As Check Point states in its research, external storage access is a typical thing for a new app to request, so it doesn't raise suspicion in the way some other app permission requests do. Once a user taps Allow, a malicious app is free to monitor and modify the contents of public storage and even install other malicious apps without the user ever knowing.
Like most Android malware, MITD attacks require users to give them permission to act--no matter how well most Android viruses and attacks are coded and obfuscated, they still need permission to do anything outside of their sandbox environments.
Users commonly ignore the permissions apps ask for even when they're suspect, so a common request like external storage access is likely to go unnoticed, even among experienced, cautious Android users.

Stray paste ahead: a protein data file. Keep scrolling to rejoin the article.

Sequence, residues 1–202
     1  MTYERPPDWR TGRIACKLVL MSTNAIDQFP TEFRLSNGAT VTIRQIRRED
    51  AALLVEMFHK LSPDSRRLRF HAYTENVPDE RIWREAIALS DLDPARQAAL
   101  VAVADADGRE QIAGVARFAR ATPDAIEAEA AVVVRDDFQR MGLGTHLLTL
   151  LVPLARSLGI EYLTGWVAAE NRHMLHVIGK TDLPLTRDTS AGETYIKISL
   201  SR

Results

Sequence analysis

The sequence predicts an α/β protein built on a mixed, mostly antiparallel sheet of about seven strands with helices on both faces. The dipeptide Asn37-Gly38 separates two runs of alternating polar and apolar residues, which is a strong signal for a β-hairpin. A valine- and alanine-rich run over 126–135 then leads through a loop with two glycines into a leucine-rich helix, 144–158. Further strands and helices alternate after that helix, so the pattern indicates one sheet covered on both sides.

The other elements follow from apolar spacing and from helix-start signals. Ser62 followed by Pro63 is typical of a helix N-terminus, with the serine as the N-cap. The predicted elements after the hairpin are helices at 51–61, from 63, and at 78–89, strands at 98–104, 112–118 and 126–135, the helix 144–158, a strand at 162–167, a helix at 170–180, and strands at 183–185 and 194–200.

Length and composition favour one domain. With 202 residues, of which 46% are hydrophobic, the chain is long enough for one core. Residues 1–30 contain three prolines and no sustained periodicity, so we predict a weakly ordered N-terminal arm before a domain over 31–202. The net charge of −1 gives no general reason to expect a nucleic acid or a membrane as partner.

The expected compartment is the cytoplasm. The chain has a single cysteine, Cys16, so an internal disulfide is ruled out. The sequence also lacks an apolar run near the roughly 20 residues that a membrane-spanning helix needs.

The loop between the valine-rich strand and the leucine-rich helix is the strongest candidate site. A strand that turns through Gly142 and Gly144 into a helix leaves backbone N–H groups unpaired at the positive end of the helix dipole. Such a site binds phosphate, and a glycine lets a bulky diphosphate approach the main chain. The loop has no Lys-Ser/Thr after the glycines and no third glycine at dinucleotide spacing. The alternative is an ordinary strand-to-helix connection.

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Who is affected by man-in-the-disk attacks?
MITD attacks are only dangerous to a certain subset of the tech-using world: Android developers and users.
This particular exploit might look or seem similar to the much more common man-in-the-middle attack, but it's an execution that is specific to Android's handling of external storage. Simply put, if you don't have an Android device, don't build applications for Android devices, or manage company-owned or BYOD Android devices you don't need to worry about MITD attacks.
This is not to say there aren't or won't be similar exploits for other platforms--malware that exploits permissions to gain access to areas of an OS that are otherwise off-limits aren't rare. Those other potential attacks aren't MITD attacks, though.
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How can developers protect their apps from man-in-the-disk attacks?
External storage, and its lack of security, is a fundamental part of Android's structure. Given that, it's unlikely Google will ever redesign Android to completely eliminate the threat from MITD attacks.
So, it's essential for developers to be sure their apps use external storage in a secure way to prevent data harvesting, app corruption, and sideloading of malware.